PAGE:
We are very pleased to welcome Alexandra Sterling-Hellenbrand and Michael Taylor as our Fulbright guest professors at the Institute of American Studies during the summer semester of 2023.
Alexandra Sterling-Hellenbrand received her PhD in German from the Pennsylvania State University. She is Professor of German and Global Studies at Appalachian State University in Boone, North Carolina. In addition to her book on Topographies of Gender in Middle High German Arthurian Romance (Garland, 2001), she has published widely on medieval German literature. Other areas of research and teaching interest include Arthurian literature and medievalisms from the middle ages to the present, literary museums, and other interdisciplinary adaptations of literary texts and experiences for contemporary audiences. Recent projects examine the commodification of literature in popular culture; the construction of “medieval” heritage in the American Heartland; or the collisions of Arthurian legend and Robin Hood that contribute to the mythology of the American west. Her monograph Medieval Literature on Display: Heritage and Culture in Modern Germany (Bloomsbury) was published in 2020.
While she is in Austria, she is at work on a corollary project to explore creative intersections of medieval literature and modern monuments/memorials/installations. This project is intended as a monograph tentatively titled Recontextualizing Medieval Heritage and Identity in Contemporary Austria in progress with ARC Humanities Press.
Alexandra Sterling-Hellenbrand is teaching classes at the Institute of German Studies as well as at the Institute of American Studies this semester: DEP.01677UB “Module 2.C: Shaping of the World by Texts: 2.C.2 ‚Aventiure‘ as Game: Functions and Places of Play in German Arthurian Romance” and 512.327 “Specialized Topics in Cultural Studies: King Arthur in America—or American Arthuriana.”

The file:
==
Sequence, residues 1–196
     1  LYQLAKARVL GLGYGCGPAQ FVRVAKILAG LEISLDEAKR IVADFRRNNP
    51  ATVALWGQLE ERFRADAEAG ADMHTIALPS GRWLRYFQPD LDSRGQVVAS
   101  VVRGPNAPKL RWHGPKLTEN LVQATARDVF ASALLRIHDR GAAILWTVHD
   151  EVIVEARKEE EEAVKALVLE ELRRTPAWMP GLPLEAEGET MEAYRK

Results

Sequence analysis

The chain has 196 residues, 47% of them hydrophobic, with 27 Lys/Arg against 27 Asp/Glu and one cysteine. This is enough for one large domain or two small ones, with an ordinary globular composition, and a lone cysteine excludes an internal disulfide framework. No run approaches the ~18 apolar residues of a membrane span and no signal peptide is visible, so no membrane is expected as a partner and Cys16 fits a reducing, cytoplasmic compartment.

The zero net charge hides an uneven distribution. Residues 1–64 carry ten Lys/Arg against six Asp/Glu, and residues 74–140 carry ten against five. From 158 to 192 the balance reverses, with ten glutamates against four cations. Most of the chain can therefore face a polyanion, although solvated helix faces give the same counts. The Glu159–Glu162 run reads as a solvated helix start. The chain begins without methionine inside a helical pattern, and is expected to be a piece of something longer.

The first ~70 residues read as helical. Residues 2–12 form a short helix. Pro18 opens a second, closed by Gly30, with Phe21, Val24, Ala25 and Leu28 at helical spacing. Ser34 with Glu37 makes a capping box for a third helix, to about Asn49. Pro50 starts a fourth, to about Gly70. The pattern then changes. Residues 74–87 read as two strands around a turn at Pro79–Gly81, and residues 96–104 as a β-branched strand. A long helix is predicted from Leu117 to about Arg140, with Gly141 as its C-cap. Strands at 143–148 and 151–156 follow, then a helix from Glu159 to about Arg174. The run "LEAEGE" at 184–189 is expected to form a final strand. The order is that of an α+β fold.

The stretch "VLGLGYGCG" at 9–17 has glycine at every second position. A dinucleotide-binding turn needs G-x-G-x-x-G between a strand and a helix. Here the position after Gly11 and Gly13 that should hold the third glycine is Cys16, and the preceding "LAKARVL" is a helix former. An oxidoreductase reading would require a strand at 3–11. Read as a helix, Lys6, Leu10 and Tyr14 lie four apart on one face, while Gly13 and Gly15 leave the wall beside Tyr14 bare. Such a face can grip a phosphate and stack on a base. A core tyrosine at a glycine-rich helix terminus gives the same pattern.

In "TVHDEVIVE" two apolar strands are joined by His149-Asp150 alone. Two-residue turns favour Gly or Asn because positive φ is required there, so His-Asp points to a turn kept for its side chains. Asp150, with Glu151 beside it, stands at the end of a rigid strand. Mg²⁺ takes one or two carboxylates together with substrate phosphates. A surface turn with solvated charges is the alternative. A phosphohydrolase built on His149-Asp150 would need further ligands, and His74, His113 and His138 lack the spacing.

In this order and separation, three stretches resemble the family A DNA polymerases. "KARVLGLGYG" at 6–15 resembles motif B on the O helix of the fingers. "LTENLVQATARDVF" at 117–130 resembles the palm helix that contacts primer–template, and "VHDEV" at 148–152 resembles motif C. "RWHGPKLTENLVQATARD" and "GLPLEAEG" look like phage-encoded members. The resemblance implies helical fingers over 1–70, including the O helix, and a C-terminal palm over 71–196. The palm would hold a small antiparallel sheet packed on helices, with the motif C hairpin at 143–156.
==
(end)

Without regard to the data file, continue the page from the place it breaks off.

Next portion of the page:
Dr. Michael P. Taylor is an associate professor of English and the associate director of American Indian studies at Brigham Young University, Utah, USA. He is coauthor of Returning Home: Diné Creative Works from the Intermountain Indian School from the University of Arizona Press. His scholarship has appeared in such venues as American Quarterly, Native American and Indigenous Studies, and Modernism/modernity. His research focuses on federal Indian boarding schools, Indigenous modernity, and Indigenous literary activism.
While at Graz, he will be teaching courses in Indigenous and Western American literatures, as well as researching the experiences of nineteenth- and early twentieth-century Indigenous travelers to German-speaking Europe and how their accounts present forms of transatlantic Indigenous modernism that move beyond the confines of other colonial states: ENL.04463UB “Topics in Anglophone Literary Studies: Literatures and Cultures of the American West” and 512.821 “Doctoral Seminar: Indigenous Issues Matter: Current Developments in Indigenous Studies.”
We are happy to have both of them with us and thank them for sharing their expertise with students and faculty members.